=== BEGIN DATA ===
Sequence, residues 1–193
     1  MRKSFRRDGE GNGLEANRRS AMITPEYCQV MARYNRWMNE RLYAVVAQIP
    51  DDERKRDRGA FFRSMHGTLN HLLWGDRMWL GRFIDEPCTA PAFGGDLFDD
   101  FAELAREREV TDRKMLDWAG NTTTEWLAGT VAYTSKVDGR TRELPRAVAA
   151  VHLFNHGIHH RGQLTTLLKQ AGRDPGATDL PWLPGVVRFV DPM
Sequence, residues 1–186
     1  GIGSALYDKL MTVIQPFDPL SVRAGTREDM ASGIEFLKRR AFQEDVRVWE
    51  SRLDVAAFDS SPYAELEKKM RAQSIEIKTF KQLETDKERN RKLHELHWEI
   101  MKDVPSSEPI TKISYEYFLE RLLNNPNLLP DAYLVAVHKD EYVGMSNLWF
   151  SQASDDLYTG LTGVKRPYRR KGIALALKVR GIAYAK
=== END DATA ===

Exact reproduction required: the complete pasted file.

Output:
Sequence, residues 1–193
     1  MRKSFRRDGE GNGLEANRRS AMITPEYCQV MARYNRWMNE RLYAVVAQIP
    51  DDERKRDRGA FFRSMHGTLN HLLWGDRMWL GRFIDEPCTA PAFGGDLFDD
   101  FAELAREREV TDRKMLDWAG NTTTEWLAGT VAYTSKVDGR TRELPRAVAA
   151  VHLFNHGIHH RGQLTTLLKQ AGRDPGATDL PWLPGVVRFV DPM
Sequence, residues 1–186
     1  GIGSALYDKL MTVIQPFDPL SVRAGTREDM ASGIEFLKRR AFQEDVRVWE
    51  SRLDVAAFDS SPYAELEKKM RAQSIEIKTF KQLETDKERN RKLHELHWEI
   101  MKDVPSSEPI TKISYEYFLE RLLNNPNLLP DAYLVAVHKD EYVGMSNLWF
   151  SQASDDLYTG LTGVKRPYRR KGIALALKVR GIAYAK